Part of the anti-establishment sentiment in Kgatleng has to do with what happened decades ago. Ahead of independence in 1966, Kgosi Molefi, who is Mmusi Kgafela’s grandfather, wouldn’t allow a group of colonial government-aligned politicians to hold a meeting to found a political party in his territory. The venue was changed to a site in Gaberones where the Bechuanaland Democratic Party was formed under a morula tree. Thus it came as no surprise that Mochudi’s first MP was a member of the anti-establishment Botswana People’s Party. While he never personally dabbled in party politics publicly, it was no secret that Kgosi Linchwe, Kgosi Molefi’s son and Mmusi Kgafela’s father, was an opposition sympathiser whom some associated with the BNF. This is the tide that Mmusi Kgafela will be swimming against when Botswana goes to the polls in October next year.

To the extent that the youth are, numerically speaking, the most powerful voter constituency, the election will also be a referendum on youth’s attitude towards bogosi. Over the years, royals have been voted into political office by an age group whose numbers are dwindling. The young don’t respect bogosi and dikgosi as much as their parents did. The respect aside, today’s youth have to contend with issues (like unemployment and corruption) that their parents and grandparents never had to contend with on a scale that they do. To the former, a royal who associates himself with a party that they hold responsible for the adverse economic circumstances they find themselves in wouldn’t hold that much appeal as a political representative.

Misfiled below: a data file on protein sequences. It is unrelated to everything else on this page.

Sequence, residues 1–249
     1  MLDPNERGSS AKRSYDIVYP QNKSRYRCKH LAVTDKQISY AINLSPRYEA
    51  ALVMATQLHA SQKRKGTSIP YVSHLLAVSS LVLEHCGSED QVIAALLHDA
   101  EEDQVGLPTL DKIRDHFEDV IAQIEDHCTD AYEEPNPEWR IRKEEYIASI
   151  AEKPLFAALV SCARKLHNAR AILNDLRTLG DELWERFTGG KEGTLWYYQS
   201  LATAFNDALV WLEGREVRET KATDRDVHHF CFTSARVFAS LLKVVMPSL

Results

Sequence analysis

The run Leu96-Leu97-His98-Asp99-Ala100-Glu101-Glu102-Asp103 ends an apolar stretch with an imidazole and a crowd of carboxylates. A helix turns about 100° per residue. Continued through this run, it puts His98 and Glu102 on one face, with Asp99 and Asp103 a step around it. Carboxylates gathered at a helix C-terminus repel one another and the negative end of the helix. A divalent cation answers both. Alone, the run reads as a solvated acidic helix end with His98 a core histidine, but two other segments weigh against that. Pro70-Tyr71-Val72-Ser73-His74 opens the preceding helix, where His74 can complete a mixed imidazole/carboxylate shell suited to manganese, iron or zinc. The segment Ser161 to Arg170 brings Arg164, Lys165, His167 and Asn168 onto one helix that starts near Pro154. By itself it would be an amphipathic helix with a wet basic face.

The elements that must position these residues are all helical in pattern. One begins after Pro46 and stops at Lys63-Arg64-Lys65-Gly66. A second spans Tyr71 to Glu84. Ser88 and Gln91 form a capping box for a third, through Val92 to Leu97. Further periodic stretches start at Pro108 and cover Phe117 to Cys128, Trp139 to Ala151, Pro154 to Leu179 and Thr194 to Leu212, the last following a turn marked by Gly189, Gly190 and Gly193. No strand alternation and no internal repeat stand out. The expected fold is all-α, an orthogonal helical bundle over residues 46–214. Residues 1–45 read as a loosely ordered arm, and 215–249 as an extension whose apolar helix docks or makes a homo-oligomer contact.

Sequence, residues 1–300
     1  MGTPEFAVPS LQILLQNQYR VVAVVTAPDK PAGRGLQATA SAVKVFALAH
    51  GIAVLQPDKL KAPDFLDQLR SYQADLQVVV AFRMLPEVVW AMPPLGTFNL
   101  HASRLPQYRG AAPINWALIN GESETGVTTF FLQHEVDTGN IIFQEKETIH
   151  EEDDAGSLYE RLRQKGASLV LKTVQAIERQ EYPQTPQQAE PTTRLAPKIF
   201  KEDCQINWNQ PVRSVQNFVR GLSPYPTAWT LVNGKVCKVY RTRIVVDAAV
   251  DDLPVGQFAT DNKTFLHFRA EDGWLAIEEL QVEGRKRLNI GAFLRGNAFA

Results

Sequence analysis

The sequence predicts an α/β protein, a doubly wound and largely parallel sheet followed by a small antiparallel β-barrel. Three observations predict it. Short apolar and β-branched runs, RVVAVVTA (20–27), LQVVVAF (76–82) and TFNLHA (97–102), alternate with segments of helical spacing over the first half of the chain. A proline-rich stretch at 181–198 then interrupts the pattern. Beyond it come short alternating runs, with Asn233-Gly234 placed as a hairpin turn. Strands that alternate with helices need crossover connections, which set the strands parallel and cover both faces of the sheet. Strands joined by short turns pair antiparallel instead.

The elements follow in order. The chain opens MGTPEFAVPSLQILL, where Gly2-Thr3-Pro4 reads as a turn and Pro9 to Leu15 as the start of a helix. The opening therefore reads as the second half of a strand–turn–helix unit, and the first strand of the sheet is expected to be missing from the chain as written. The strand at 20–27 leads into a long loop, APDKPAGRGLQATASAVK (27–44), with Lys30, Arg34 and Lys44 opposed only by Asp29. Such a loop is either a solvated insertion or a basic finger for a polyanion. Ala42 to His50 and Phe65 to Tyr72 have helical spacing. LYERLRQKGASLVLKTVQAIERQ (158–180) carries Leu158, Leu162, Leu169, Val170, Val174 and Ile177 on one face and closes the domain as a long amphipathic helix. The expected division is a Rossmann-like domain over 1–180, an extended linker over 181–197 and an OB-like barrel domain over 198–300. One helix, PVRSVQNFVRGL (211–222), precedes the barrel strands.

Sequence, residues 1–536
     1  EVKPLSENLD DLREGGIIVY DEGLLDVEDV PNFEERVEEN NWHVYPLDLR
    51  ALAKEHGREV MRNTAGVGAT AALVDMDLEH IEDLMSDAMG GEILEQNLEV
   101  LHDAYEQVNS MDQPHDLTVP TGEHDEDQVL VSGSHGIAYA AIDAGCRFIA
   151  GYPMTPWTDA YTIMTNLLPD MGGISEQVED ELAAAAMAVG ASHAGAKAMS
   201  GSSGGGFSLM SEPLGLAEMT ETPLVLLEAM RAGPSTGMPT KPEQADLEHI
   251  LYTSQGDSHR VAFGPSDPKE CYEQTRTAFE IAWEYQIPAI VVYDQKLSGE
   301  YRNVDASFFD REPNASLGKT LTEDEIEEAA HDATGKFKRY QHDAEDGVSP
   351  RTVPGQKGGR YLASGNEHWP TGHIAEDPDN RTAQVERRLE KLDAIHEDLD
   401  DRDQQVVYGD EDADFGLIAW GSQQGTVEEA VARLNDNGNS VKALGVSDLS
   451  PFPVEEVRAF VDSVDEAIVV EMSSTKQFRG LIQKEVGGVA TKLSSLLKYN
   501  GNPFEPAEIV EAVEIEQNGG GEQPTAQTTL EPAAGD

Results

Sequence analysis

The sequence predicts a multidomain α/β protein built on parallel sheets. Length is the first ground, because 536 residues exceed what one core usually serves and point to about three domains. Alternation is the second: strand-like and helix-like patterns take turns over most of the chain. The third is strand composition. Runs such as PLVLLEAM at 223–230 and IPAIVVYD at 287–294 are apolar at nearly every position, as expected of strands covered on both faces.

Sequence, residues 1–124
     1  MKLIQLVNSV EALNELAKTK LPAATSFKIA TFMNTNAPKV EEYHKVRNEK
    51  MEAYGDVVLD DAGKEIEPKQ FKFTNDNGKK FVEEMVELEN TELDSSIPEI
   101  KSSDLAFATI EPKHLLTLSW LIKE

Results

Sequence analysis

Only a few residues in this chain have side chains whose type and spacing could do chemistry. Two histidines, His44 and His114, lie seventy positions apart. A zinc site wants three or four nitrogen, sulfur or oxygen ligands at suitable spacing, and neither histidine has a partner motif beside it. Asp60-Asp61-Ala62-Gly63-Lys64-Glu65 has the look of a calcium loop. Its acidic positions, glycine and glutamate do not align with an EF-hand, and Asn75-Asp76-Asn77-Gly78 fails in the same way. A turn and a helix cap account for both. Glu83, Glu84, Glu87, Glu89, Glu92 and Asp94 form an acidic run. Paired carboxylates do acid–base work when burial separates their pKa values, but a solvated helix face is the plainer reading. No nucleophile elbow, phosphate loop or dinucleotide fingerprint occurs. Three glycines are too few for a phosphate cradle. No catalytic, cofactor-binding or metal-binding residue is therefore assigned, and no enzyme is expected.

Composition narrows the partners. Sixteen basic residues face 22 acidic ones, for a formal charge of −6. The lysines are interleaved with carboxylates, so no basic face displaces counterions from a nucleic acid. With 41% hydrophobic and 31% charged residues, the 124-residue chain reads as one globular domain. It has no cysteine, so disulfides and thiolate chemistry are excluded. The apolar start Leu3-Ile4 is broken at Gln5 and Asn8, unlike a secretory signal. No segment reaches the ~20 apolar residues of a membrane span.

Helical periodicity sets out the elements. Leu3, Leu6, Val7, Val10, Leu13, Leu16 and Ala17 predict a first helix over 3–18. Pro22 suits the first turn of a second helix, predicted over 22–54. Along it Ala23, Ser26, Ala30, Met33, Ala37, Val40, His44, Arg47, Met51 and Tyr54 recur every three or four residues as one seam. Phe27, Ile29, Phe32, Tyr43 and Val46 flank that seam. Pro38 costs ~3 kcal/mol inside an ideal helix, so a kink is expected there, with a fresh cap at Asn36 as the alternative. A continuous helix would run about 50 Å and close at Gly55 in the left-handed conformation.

However, this is not a black and white issue because there is a complex interplay of factors. The alternative to the BDP – the UDC – is going through an extremely rough period and might have ceased to exist in its current form in October next year for a group of voters who find opposition politics appealing only when parties fight as a unit and not as individual entities. The other factor is that the BDP could yet use its financial muscle to wrest the constituency away from the opposition. The party has already announced that it intends to build a half-a-billion-pula war chest ahead of the 2019 elections. The UDC may not be able to compete in this regard.

In the last electoral cycle, the UDC appealed to businesspeople well enough for them to open their wallets. Such generosity literally became visible during when BNF president, Duma Boko, launched his candidacy for the Gaborone Bonnington North parliamentary seat. From the outdoor performance stage to the branded campaign buses to the tied-and-suited bodyguards to the JumboTrons to the crowd control barriers to the professional catering to the entertainment roster, everything about the launch spelled big pula signs. The moneyed people were investing in what they believed to be a viable political venture. However, with the fighting in the UDC, the party is definitely losing its appeal to a group of people who typically invest (and not just spend) money.